And that was quite tough, trying to play tournament‑level golf and I wasn't able to.  You can look up the scores.  There were lots of moments out there.

Q.  When you woke up this morning, did you want to play another round?  Your scores were the same today.  Did you want to play another round just like you played yesterday, and how much of today was a carbon copy of yesterday?
PAUL CASEY:  To be honest, I thought I was going to be playing a round to try and maybe catch a couple of guys.  I thought I was going to be playing a round‑‑ I woke up checking the scores to see what Rory was going to be.  That's really what I was going to be doing.  See how many under I was going to have to try to shoot to chase.
So all I focused on‑‑ because that obviously didn't happen.  All I focused on was just trying to hit fairways and give myself great birdie opportunities.  Be aggressive where I could be, on holes like 18, you know, you get the ball around the back there, you can go at that flag if you're in the middle of fairway.  And just take my chances where I could and pay respect to the golf course where I had to and see what happened.

Q.  I know it's one thing to be in the lead or top of the lead after 36 holes, but these next 36, you haven't been here much in the last five years.  How do you control the nerves, because this is a process still?
PAUL CASEY:  Yeah, it's a bit like riding a bicycle.  I've done it‑‑ I'm excited for tomorrow.  And my goals, I've got big ones; I've got small ones.  There's a whole bunch I can focus on to deflect the pressure.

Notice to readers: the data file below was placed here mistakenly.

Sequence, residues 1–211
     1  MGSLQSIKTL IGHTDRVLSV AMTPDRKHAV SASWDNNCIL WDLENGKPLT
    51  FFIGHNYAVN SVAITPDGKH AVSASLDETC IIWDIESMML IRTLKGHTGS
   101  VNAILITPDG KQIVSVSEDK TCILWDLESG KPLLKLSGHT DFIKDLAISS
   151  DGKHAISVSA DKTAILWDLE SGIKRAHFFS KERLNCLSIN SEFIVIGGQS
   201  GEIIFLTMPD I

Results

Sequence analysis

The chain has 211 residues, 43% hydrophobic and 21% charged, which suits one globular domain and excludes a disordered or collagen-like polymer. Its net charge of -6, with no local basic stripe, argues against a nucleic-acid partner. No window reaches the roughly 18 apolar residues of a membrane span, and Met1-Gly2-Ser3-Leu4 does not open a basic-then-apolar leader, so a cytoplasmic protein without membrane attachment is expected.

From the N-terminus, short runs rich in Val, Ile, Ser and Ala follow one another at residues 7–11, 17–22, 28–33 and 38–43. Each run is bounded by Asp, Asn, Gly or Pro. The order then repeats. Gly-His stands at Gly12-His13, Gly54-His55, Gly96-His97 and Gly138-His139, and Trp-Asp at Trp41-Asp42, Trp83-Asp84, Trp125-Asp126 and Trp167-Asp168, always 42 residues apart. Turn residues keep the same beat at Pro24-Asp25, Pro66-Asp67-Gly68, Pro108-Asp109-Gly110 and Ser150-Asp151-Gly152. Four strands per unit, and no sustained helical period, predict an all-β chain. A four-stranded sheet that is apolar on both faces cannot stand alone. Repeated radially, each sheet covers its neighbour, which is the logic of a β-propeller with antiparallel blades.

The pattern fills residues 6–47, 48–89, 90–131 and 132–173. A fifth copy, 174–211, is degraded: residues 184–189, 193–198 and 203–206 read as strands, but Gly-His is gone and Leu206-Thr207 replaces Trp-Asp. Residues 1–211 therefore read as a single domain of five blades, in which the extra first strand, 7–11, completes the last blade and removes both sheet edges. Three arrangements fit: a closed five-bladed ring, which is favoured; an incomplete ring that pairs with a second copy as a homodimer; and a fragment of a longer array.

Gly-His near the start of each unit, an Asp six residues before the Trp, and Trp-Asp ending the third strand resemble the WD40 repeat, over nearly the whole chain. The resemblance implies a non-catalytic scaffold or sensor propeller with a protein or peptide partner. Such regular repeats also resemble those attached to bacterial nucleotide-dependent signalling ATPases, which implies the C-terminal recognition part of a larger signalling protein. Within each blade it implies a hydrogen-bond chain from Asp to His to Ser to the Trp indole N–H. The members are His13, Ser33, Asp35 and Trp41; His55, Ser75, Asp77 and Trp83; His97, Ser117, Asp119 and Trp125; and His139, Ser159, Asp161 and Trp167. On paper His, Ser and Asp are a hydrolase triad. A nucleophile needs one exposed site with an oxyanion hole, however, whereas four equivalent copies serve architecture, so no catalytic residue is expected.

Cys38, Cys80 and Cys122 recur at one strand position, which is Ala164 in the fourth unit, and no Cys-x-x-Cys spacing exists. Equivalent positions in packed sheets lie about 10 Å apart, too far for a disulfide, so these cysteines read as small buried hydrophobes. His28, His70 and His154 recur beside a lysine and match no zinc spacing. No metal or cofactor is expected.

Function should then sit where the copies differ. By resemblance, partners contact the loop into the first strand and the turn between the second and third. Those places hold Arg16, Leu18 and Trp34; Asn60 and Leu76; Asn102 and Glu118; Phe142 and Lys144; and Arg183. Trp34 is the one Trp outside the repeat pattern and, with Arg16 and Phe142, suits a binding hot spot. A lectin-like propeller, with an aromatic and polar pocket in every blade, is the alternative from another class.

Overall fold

I'm not particularly‑‑ I'm looking forward to tomorrow.  I'm excited about it.  There's a long way to go.  This is just 36 holes.  There's a lot that can happen between now and Sunday afternoon.

Q.  If you could elaborate more on the tee shot on 11, which you brought up, because it's a quirky little shot.  What's the shape you play there?  If you could speak to that and just the value of fairways particularly on the par 5s which you played well this week?
PAUL CASEY:  I have.  Tee shot on 11 is aim right down the left edge where the creek is, hit it hard and make sure it doesn't go left.

Q.  Worked out well, apparently?
PAUL CASEY:  Yes, it was pretty straight.  I'm not putting a lot of shape on the driver right now.  If I want to really move the ball, especially right to left, I'll go to the 3‑wood.  Pretty much taking dead aim at something and just trying to strike it well.
So 11 is tricky because as it gets hot, that angle starts to narrow.  And it was an easy tee shot yesterday.

Q.  How did you play your third on the 5th, the par 5?  Was that a chip?
PAUL CASEY:  Putts.  Putts.  Yeah, just on the fringe.  It was just shy of the bunker which is kind of back center.  I had six, seven feet of fringe to putt through.  It was like glass.  It was perfect.
THE MODERATOR:  Thank you.